Times – 23945 – No sweat

Posted on Categories Daily Cryptic
This took me a little under 30 minutes. It all seemed pretty straightforward though a couple of clues highlighted some gaps in my knowledge of Geography. Nothing really stands out as COD, but maybe at gunpoint I’d plump for 26. Very lean pickings for the pie today!

5 HAT PEG – GE(P)T,A,H –  (rev)  – Derby, the North American bowler
10 LATTE(rly)
11 A(BU S)IM,BE,L – I’m afraid I’ve never heard of this former village in Egypt either by this name or the alternative Ipsambul
13 A,M,I,GO
14 UP,RIGHT – As opposed to “grand” piano
16 WEE,(e)VIL or just possibly WEE,VIL(e) –  but I’d say the setter had “evil” in mind”. I suppose this is &lit but the defintion seems a bit feeble to me
18 BA(Z,AA)R – AA=Automobile Association, less common in crosswords than RAC, I think
20 YU(CAT)AN – my ignorance of matters geographical is shown up yet again. I had also forgotten, if I ever knew, that 100 Chineses fens = 1 yuan. 10 jiao is of the same value, apparently, which may be worth remembering for another day.
22 GLYPH – Hidden word. Not sure I have met this before but knowing “hieroglyph” made it probable.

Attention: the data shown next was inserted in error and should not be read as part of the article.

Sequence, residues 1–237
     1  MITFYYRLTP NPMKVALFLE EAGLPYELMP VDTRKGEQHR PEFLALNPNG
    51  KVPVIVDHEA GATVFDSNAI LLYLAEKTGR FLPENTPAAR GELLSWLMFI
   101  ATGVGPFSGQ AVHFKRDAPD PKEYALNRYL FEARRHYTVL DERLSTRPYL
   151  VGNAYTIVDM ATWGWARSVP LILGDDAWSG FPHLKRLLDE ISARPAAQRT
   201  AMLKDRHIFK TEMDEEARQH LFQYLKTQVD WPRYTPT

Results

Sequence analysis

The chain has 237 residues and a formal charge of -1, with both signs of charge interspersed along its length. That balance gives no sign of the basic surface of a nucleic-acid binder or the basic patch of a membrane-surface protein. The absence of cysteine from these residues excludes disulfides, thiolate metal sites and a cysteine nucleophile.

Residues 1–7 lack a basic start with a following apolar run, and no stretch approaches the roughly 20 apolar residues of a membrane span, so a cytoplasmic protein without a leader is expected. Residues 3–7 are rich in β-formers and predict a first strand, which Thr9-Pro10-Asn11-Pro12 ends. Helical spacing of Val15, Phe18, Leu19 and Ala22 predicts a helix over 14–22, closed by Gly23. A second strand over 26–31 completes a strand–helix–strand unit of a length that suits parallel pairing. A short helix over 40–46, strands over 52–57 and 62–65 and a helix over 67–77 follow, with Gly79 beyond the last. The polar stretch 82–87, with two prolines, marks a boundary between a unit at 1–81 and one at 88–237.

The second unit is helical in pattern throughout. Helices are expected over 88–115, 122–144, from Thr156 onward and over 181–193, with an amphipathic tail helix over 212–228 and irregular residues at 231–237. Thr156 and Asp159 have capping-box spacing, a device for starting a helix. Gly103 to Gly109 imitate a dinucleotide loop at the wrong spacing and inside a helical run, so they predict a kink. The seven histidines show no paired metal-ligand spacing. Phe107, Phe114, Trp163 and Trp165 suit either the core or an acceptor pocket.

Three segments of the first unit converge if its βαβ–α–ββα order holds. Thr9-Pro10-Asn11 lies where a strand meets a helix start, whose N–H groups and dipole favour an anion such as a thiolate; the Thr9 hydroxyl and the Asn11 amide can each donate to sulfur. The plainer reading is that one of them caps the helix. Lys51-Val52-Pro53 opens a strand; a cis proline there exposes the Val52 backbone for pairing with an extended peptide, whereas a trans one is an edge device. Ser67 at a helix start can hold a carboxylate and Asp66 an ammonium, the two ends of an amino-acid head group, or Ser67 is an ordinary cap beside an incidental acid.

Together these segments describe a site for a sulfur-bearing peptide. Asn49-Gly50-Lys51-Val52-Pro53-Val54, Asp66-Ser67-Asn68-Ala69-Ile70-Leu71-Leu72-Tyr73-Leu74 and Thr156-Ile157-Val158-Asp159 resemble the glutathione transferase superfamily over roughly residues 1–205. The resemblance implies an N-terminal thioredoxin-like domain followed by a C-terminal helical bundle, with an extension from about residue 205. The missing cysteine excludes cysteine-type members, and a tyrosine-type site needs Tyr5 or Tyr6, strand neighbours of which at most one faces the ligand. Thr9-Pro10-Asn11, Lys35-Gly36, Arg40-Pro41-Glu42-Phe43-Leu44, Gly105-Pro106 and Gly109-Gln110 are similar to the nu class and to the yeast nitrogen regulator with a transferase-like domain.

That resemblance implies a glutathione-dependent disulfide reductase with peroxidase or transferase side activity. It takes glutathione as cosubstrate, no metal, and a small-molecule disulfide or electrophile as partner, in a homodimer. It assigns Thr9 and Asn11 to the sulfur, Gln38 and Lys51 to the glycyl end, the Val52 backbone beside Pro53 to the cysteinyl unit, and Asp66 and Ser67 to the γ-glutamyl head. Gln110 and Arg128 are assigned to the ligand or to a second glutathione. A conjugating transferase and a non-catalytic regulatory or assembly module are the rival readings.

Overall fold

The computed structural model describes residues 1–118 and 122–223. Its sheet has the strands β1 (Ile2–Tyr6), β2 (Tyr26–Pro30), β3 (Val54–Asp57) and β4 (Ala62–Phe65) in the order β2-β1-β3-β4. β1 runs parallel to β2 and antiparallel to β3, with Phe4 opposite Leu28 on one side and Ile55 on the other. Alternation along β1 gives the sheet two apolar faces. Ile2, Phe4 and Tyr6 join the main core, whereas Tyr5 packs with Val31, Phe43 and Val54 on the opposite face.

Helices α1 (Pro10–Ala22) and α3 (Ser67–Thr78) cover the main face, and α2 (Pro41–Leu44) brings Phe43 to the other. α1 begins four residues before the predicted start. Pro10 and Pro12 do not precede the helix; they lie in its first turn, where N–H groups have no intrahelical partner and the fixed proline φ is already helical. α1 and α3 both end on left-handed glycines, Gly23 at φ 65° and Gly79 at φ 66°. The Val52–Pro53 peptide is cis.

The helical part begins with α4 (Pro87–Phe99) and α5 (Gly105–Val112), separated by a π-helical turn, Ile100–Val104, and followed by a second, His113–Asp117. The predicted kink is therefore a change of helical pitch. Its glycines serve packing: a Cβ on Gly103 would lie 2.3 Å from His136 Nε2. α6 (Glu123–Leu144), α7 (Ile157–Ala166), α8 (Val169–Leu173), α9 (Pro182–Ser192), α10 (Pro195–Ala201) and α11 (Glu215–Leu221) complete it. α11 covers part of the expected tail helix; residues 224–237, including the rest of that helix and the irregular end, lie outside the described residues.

26 (all)OW,LET
28 BEANPOLE – (b+lone pea)*
2 TUT,O.R.
3 OCEANOGRAPHICAL – (o+archipelago can)*
6 ANIMATED CARTOON – (modern catatonia)* A reference to the Disney film.
15 READY-MADE – (h)(ad a remedy)*
17 UN(iversity),SETTLE
19 R(ugby) U(nion),STIC(k)
20 Y,ACHT,IE – Acht being German for eight
21 A,G(HAS)T –  Has=experiences. GT = Gran turismo, a high performance car
24 BILBO – Two meanings. I knew the Hobbit but not the sword.

“Pie Chart”

Category Score Clues
Religion 0  
Literature 1 24 (The Hobbit)
Music 0  
Visual Arts 0  
Popular Culture 0  
Sport & Games 0  
Natural World 0  
Science & Tech 0  
Geography 2 11 (Abu Simbel), 20ac (Yucatan)
History 0  
Other 1 20ac (fens and yuans)
Total 4  

31 comments on “Times – 23945 – No sweat”

  1. About 30 mins for me which is typical. At least compared to yesterday!

    Nothing too problematic but I had the situation of getting almost noting on the early acrosses before getting going and then working my way up. Once I got the two long ones it was plain sailing.

  2. 12:16 here. Would probably have been under 10 minutes if I’d made the connection between Derby and hat quicker. It took me a couple of minutes at the end to get HAT PEG for 5A.
  3. 7:18 – didn’t understand 20A while solving, thinking somehow that the answer used an anag. of ‘many’, and thinking that ‘fens’ was a bizarre anagrind. But now remember fens and jiaos.

    Struggled with the NE corner a bit, partly as my first try for Sleeping Beauty was DRAMATIC _______.

    Abu Simbel is not just a village but a well-known(?) tourist destination in Egypt – temples that would have been submerged by Lake Nasser, relocated to a new site in the 1960s.

    Initially thought a bilbo supported a sword, but that’s baldric, another fictional character…

    Edited at 2008-06-20 07:31 am (UTC)